Determinants of Self-Service Analytics Adoption Intention: The Effect of Task-Technology Fit, Compatibility, and User Empowerment

Determinants of Self-Service Analytics Adoption Intention: The Effect of Task-Technology Fit, Compatibility, and User Empowerment

Mohammad Daradkeh (Department of Management Information Systems, Faculty of Information Technology and Computer Sciences, Yarmouk University, Irbid, Jordan)
Copyright: © 2019 |Pages: 27
DOI: 10.4018/JOEUC.2019100102
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The increasing popularity of self-service analytics (SSA) is empowering business users to analyze data and generate actionable insights autonomously. While there are many benefits to SSA tools, there is a scarcity of research on the factors influencing their adoption in business organizations. This article presents an extended technology acceptance model (TAM) that incorporates the task-technology fit (TTF), compatibility, and user empowerment as critical antecedents of users' intention to adopt SSA tools for reporting and analytics tasks. To test the proposed model, data were collected through a questionnaire survey of 211 business users working in different industries in Jordan. The collected data were analysed using structural equation modeling (SEM). The results of this study demonstrate that the task-technology fit, compatibility, and user empowerment are significant predictors of users' perceptions of usefulness and ease of use of SSA tools. Both of perceived usefulness and perceived ease of use have a positive effect on users' intention to adopt SSA tools. Collectively, all these factors account for 51.6 percent of the variance in the behavioral intention. The findings of this study provide several key implications for research and practice, and thus should contribute to the design and adoption of more user-accepted SSA tools and applications.
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In today’s business environment, business users are demanding more control and faster access to business data and analytics in order to gain actionable insights and make more informed decisions (Daradkeh & Al-Dwairi, 2017). Conversely, IT organizations are unable to respond fast enough to support the constantly changing needs of business users (Schlesinger & Rahman, 2016). Due to the increasing demand for information and analytics coupled with fast-growing data volumes, the business intelligence and analytics technology has undergone a dramatic change over the last few years. It has evolved from a highly governed and IT-centric process towards a self-service and decentralized process empowering business users with self-service reporting and analytics capabilities (Alpar & Schulz, 2016).

Self-service analytics (SSA) has emerged as a new paradigm of business intelligence and analytics that enables business users, including those with limited analytical skills, to become more self-reliant and less dependent on the IT professionals (Aspin, 2014). It offers an environment in which business users can access, analyze, and glean actionable insights from business data, without direct intervention of IT department (Burke, Simpson, & Staples, 2016). Such environment can expand the reach and scope of reporting and analytics applications to address a broader range of business problems and opportunities. This expansion must support the needs of business users for personalized and collaborative decision-making and information sharing (Clarke, Tyrrell, & Nagle, 2016). It also enables organizations to build analytics-driven culture; giving them a competitive advantage over their rivals. At the same time, technical IT teams will be liberated from the constant barrage of reporting and analytics demands of business users, so that can focus their efforts on more strategic business initiatives (Sharda, Delen, Turban, Aronson, & Liang, 2015).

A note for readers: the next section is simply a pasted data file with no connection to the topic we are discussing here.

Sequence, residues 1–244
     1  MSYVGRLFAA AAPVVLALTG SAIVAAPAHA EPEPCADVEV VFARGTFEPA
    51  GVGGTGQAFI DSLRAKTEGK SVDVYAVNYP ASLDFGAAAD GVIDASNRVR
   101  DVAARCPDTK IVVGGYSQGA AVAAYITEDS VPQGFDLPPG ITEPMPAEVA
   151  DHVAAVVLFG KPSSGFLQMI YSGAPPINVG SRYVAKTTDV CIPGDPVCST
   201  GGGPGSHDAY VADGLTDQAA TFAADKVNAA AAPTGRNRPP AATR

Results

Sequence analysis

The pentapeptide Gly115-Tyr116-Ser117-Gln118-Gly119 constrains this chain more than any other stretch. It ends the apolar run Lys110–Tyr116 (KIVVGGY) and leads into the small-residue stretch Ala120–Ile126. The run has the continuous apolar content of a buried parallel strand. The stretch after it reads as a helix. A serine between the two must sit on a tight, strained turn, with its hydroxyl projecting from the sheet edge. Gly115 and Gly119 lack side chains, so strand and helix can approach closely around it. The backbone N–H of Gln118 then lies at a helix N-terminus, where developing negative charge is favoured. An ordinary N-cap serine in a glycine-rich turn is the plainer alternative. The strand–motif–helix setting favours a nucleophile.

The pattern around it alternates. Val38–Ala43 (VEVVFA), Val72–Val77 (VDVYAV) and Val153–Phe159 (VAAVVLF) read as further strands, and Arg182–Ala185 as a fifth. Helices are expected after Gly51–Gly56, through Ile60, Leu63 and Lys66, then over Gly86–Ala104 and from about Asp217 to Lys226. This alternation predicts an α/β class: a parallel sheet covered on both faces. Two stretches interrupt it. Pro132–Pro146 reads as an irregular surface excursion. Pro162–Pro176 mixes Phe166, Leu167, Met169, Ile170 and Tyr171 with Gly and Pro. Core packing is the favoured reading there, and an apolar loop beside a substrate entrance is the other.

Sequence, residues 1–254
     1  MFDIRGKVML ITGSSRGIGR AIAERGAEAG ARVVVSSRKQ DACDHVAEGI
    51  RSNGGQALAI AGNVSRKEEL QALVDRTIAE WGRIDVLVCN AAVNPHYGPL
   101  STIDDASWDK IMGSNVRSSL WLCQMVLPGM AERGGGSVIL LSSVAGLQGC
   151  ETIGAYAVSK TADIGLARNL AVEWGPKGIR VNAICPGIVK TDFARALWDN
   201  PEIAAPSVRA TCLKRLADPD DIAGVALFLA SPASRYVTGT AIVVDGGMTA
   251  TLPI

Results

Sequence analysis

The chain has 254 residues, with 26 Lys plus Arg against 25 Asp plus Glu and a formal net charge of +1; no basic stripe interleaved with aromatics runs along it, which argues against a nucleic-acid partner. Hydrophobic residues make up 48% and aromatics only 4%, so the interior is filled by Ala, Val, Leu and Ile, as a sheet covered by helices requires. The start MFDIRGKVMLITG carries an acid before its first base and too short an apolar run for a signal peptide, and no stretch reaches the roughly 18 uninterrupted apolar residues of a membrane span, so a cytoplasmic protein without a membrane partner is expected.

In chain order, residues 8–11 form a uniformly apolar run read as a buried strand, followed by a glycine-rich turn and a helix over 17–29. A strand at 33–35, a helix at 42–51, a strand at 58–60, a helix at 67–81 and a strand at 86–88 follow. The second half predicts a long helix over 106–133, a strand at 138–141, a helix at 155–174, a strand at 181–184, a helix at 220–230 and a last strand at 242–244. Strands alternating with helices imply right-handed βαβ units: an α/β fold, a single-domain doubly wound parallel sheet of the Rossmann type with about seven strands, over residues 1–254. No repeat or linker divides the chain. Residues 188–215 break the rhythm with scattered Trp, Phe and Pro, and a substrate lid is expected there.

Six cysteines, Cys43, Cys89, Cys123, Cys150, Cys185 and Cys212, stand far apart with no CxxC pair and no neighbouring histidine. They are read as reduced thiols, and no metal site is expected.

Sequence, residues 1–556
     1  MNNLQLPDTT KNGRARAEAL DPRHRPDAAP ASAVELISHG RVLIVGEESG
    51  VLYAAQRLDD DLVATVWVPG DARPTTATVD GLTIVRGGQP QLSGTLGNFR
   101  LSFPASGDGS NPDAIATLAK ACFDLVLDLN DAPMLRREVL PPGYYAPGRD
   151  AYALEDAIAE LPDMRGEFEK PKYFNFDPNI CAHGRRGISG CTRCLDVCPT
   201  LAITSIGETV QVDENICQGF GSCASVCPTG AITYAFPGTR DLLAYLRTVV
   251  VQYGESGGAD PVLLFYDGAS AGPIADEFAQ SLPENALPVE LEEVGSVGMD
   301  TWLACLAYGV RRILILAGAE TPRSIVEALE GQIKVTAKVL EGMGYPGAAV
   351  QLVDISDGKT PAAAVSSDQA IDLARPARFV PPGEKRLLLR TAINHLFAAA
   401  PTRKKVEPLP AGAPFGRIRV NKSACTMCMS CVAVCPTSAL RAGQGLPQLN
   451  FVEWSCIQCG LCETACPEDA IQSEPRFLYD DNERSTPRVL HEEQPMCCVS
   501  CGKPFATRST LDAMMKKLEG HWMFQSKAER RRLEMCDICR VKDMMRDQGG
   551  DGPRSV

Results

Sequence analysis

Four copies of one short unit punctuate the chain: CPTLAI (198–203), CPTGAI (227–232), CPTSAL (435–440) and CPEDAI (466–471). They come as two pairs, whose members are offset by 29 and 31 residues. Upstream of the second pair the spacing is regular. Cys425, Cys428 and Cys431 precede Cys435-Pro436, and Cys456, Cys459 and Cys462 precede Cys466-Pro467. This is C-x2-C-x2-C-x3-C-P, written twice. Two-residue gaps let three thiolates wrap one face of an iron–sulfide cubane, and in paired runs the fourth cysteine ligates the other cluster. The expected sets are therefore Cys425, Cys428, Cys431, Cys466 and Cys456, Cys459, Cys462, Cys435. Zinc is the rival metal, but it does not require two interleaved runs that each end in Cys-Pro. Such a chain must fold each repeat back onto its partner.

Recent years have witnessed an increasing adoption of SSA tools in business organizations. According to a recent survey by Logi Analytics (2017), about 66 percent of organizations have started to implement or have already implemented SSA solutions. SSA is becoming a top priority for organizations of all sizes– from global enterprises to early-stage startups– as governed data becomes more accessible and cloud technology enables easy sharing (Alpar & Schulz, 2016). Gartner predicts that by 2020, SSA platforms will make up 80 percent of all enterprise reporting and analytics (Dinsmore, 2016). Consequently, most business users and analysts in organizations will be able to access SSA platforms to prepare, integrate, curate, and model data for reporting and analytics tasks.

In response to the growing demand for SSA tools, many reporting and analytics vendors such as Tableau Software, Microsoft, Tibco Spotfire, and QlikTech have been broadening their portfolios to offer a wide range of tools with user-friendly user interfaces that promise to deliver advanced reporting and analytics capabilities such as visualization, dashboards, scorecards, OLAP multidimensional analysis, predictive analysis and statistical modeling (Sharda et al., 2015). These capabilities empower business users to harness data to improve decision-making; and further to increase the productivity and agility of organizations (Weber, 2013).

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